FRIEDRICHSDORF, Germany, August 25, 2011 /PRNewswire/ --
Might antioxidant vitamins such as vitamins C and E or provitamin A (beta-carotene) be able to prevent cancer and other chronic diseases and hence prolong life? A recent study indicates that vitamins may play an important role in the prevention of such diseases. In the course of the study scientists examined 23,943 men and women for the German Cancer Research Centre in Heidelberg as part of a pan-European prospective investigation (1). The results of the observational study showed: participants who were already regularly taking antioxidant vitamins at the start of the study were at a significantly lower risk of dying of cancer and had lower overall mortality than participants who did not take any multivitamin products. The pros and cons of taking supplementary vitamins and minerals as protection against lifestyle diseases like cancer and cardiovascular disease or death from any cause has long been the subject of numerous research projects and is often controversially debated. Since the prevention and development of this type of chronic disease depends on many factors, as a rule it is difficult to prove what exactly has had a preventive effect. In the end, how long we live probably depends on a combination of diverse lifestyle elements and genetic factors. The study revealed that users of dietary supplements appear to be generally more health conscious and live a more active lifestyle.
Researchers list several reasons for the contradictions found in studies in this field. Apart from the fundamental problem that preventive effects of micronutrients cannot be shown or even measured as simply as the therapeutic effects of drugs in clinical studies, the vitamin status of participants at the beginning of a study appears to play a crucial role: participants who start out with an adequate supply of vitamins do not demonstrate any increased preventive effect from additional vitamin intake. Dietary supplements only appear to have a health benefit for people with vitamin deficits.
Genetic factors can also influence vitamin requirements and their effectiveness. Recent studies show that people with certain gene variants (polymorphisms) for the enzymes responsible for vitamin metabolization can only utilize these micronutrients to a limited degree (2,3). In consequence people with these not uncommon gene variants may have a higher vitamin requirement and therefore benefit from an additional intake of vitamins.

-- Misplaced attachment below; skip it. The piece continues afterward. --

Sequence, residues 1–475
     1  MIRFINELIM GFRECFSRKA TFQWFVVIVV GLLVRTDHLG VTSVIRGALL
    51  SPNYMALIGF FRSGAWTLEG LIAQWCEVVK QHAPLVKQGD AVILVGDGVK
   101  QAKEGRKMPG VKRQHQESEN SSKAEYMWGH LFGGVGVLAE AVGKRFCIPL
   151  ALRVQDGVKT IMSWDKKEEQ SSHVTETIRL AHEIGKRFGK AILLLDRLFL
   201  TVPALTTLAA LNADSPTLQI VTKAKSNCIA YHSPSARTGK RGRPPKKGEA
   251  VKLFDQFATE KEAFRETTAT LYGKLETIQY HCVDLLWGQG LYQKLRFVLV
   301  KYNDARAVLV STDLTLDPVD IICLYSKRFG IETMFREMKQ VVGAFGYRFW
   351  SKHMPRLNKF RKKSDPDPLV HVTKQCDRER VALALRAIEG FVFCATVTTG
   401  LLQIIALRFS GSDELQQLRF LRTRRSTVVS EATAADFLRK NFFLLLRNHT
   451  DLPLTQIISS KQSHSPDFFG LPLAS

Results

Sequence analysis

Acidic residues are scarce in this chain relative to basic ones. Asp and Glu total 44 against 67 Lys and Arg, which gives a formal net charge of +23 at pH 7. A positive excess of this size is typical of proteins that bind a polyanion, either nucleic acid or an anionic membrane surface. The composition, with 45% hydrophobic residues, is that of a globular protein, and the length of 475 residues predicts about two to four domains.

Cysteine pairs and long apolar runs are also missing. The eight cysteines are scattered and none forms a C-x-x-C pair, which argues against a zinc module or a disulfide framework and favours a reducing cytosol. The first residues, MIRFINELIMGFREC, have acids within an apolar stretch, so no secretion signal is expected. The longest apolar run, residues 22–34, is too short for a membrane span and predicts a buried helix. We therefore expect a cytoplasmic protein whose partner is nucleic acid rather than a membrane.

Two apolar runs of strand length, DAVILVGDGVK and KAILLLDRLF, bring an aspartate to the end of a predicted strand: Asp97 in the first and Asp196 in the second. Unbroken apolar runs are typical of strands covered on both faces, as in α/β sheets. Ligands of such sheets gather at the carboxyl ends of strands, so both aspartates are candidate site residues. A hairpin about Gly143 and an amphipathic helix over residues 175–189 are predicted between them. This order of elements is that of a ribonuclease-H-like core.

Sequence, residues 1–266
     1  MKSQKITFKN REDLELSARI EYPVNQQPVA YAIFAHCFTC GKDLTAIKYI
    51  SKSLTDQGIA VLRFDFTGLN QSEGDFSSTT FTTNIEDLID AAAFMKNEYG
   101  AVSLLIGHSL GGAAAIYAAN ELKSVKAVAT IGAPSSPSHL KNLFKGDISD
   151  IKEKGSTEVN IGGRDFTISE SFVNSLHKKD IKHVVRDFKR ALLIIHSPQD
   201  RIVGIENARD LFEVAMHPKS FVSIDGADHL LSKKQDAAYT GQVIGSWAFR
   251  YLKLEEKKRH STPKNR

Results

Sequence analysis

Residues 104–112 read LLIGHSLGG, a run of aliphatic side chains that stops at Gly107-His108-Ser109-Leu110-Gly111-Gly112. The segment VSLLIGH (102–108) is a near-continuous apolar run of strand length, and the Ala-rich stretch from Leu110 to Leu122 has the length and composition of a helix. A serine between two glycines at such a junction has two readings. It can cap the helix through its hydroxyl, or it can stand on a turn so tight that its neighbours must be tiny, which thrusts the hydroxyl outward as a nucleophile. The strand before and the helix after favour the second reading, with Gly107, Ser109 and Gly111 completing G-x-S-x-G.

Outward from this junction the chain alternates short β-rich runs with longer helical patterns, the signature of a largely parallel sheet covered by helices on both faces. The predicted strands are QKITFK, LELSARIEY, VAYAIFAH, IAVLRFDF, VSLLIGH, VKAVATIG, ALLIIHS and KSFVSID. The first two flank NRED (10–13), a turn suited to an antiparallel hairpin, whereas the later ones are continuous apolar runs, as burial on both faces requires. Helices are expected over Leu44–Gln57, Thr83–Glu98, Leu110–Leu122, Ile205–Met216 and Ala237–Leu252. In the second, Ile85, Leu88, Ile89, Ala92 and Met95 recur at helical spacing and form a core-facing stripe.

Interpretation of study outcomes that at first glance appear to indicate a possible connection between increased vitamin intake and harmful effects must take into account other potential triggers and the time of disease occurrence, say experts. In the present study, for example, participants who started taking vitamins during the course of the study were shown to have an increased mortality risk. According to the researchers this was not due to the effect of the vitamins, but to the fact that these people only started taking vitamin products during the study, once they had already developed a disease and it was too late for any possible preventive effects.
1. Li K. et al. Vitamin/mineral supplementation and cancer, cardiovascular, and all-cause mortality in a German prospective cohort (EPIC-Heidelberg). European Journal of Nutrition, July 2011.
2. Blum S. et al. Vitamin E reduces cardiovascular disease in individuals with diabetes mellitus and the haptoglobin 2-2 genotype. Pharmacogenomics. 2010; 11(5): 675-684.
3. Eric B. Rimm and Meir J. Stampfer. Folate and cardiovascular disease: one size does not fi t all. http://www.thelancet.com, published online August 1, 2011.
CommuniPoweR Wolfgang Zöll
SOURCE CommuniPoweR Wolfgang Zoll